Ikuru Kuwajima photographed the Mari El republic in Russia over the course of a year, learning about everything from witchcraft to paranormal activity. Read and see the photos here: https://www.theguardian.com/artanddesign/gallery/2016/dec/21/europes-oldest-pagans-mari-people-ikuru-kuwajima
The desert is an invention, a creation of emptiness in the plentitude of existence, an introduction of barrenness into the fecundity of being. However dry this biome, it is never entirely vacant. Besides containing rocks or sand, the actual desert from Atacama to the Sahara and from the Gobi to Mojave is propitious to certain animals (coyotes and scorpions, chipmunks and rattlesnakes) and plants (barrel cacti and Joshua trees, tumbleweeds and ironwood) that find themselves at home there. It would be the height of arrogance to deem these and countless others of its inhabitants so insignificant that they are sidelined or forgotten, leaving only the vast vacuum, the expanding nothingness, that the ecosystem in question has come to denote. An automatic association of the desert with lifelessness betrays precisely such forgetting and neglect, which are, in my view, the side effects of a devastating project—refashioning the earth in the image of abstract thought. “The” desert is abstraction realized, cast over the world at the expense of biological, ecological, and ontological diversity.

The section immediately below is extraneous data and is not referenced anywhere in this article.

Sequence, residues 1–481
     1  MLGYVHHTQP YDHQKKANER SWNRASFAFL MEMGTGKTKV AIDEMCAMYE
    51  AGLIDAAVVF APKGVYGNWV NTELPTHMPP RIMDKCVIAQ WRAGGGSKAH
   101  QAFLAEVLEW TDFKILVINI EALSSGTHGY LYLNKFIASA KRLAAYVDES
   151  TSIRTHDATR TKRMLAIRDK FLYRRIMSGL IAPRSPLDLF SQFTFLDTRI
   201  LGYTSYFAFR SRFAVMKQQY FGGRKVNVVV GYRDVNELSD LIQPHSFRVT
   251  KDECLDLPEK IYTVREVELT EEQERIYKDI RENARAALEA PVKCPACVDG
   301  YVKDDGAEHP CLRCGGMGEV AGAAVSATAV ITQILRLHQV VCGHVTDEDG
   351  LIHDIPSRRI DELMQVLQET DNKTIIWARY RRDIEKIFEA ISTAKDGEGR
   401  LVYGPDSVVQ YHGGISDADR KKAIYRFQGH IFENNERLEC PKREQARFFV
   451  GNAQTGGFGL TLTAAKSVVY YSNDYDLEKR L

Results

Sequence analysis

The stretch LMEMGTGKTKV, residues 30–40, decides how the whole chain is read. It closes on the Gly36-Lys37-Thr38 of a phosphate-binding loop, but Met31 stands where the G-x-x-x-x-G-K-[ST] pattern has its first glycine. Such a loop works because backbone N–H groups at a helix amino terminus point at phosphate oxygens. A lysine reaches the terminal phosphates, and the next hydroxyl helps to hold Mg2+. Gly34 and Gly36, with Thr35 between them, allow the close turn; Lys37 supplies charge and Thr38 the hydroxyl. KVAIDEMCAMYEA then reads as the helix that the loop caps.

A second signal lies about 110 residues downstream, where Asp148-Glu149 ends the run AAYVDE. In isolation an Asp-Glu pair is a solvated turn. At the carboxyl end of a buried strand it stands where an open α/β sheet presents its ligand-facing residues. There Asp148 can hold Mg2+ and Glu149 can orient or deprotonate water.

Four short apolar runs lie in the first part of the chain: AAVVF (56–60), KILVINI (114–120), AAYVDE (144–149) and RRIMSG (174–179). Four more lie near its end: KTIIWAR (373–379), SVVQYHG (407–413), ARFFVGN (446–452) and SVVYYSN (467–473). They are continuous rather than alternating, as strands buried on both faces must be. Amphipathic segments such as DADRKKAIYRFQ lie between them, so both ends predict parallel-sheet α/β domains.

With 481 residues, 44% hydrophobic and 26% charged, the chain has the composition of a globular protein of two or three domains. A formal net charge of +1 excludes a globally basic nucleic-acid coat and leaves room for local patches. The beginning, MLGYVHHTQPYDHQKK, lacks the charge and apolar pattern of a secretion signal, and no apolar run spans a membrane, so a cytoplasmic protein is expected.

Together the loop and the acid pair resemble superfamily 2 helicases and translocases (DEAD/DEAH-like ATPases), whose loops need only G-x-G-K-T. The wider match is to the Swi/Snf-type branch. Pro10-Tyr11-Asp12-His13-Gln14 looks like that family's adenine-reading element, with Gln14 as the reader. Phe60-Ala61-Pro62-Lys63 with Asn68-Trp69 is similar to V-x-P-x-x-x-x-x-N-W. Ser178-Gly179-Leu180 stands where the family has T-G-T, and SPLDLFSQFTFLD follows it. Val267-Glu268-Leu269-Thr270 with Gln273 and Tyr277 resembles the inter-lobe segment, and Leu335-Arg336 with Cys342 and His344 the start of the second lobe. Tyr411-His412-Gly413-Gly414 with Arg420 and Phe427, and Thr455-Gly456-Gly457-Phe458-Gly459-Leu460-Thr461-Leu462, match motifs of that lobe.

Read The Rest Here: http://www.cabinetmagazine.org/issues/63/marder.php
By Donika Kelly
The war was all over my hands.
I held the war and I watched them
die in high-definition. I could watch
anyone die, but I looked away. Still,
I wore the war on my back. I put it
on every morning. I walked the dogs
and they too wore the war. The sky
overhead was clear or it was cloudy
or it rained or it snowed, and I was rarely
afraid of what would fall from it. I worried
about what to do with my car, or how
much I could send my great-aunt this month
and the next. I ate my hamburger, I ate
my pizza, I ate a salad or lentil soup,
and this too was the war.
At times I was able to forget that I
was on the wrong side of the war,
my money and my typing and sleeping
sound at night. I never learned how
to get free. I never learned how
not to have anyone’s blood
on my own soft hands.
You may have heard the news of what sounds like a resurrection story on the small island of Aldabra, off the coast of Madagascar. Around 136,000 years ago, the island was submerged in water and a layer of limestone captured the rails—a species of flightless…
W. H. Auden – 1907-1973 She looked over his shoulder For vines and olive trees, Marble well-governed cities And ships upon untamed seas, But there on the shining metal His hands had put instead An artificial wilderness And a sky like lead. A plain without a feature, bare and brown, No blade of grass,…
Using the “Still Face” Experiment, in which a mother denies her baby attention for a short period of time, Tronick describes how prolonged lack of attention can move an infant from good socialization, to periods of bad but repairable socialization. In “ugly” situations the child does not receive any chance to return to the good, and may become stuck.